There was always one crucial difference: Tumblr was never algorithmic. On the dashboard, posts were chronological, and there was no search function or explore page optimized to your preferences. Bloggers weren’t prioritized based on who you engaged with the most. While there was certainly algorithmic thinking (you followed blogs you liked who followed blogs they liked), there was more opportunity to spontaneously build up taste, without readymade content reminding you of what you should be interested in.

Regardless of the gender of its users, which are more or less equally divided, it’s always seemed to me that there was something essentially feminine about Tumblr. Gender and media scholar, Akane Kanai suggests that Tumblr was instrumental in ushering in a new era she calls post-feminism, where femininity can be presented through a set of style or aesthetic choices to an intimate audience.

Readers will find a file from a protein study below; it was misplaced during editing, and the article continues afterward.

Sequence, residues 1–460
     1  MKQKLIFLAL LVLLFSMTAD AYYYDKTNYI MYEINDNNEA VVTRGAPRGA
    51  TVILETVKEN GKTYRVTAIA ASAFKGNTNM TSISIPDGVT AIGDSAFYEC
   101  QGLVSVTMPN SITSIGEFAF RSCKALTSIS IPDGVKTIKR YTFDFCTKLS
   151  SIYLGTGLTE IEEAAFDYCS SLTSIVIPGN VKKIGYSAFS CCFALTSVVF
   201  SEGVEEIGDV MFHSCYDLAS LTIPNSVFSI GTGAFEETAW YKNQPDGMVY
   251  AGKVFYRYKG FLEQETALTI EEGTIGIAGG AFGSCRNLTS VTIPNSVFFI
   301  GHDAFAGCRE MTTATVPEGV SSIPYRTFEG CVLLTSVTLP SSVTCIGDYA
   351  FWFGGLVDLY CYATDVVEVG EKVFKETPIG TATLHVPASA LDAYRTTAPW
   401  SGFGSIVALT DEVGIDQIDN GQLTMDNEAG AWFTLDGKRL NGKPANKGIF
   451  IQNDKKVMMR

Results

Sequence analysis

In a sense, Lauren Berlant’s The Female Complaint aligns with Kanai’s thoughts, since it focuses on how women, as an oppressed class, have had to artificially create a ‘theatrical space’ where public discourse could happen.

This seems to resonate effortlessly with Tumblr’s entire essence, in that it relates to the act of self-curation, of presenting one’s identity through carefully selected snapshots of culture. The question/answer function, as well as the thread of ideas that emerged from the reblogging format, created the kind of new discursive space that Berlant mentions, which, despite being as vast as the internet, felt intimate, personal, and feminine.

Tumblr was also sexier, and always without the ridiculous beauty standards of today. On there, nudes, fantasies and NSFW fan-fiction circulated with the ease of a chat room, except better curated. Yes, Instagram can sometimes genuinely produce productive conversations about consent and sexualities, all of which are necessary and good. However, there’s less room for desire.

The suggestion of sex was everywhere, but none of the excitement or passion. Having trespassed that, as a teenager, gave me my earliest ideas that I might find exciting something other than what the mainstream media had to offer.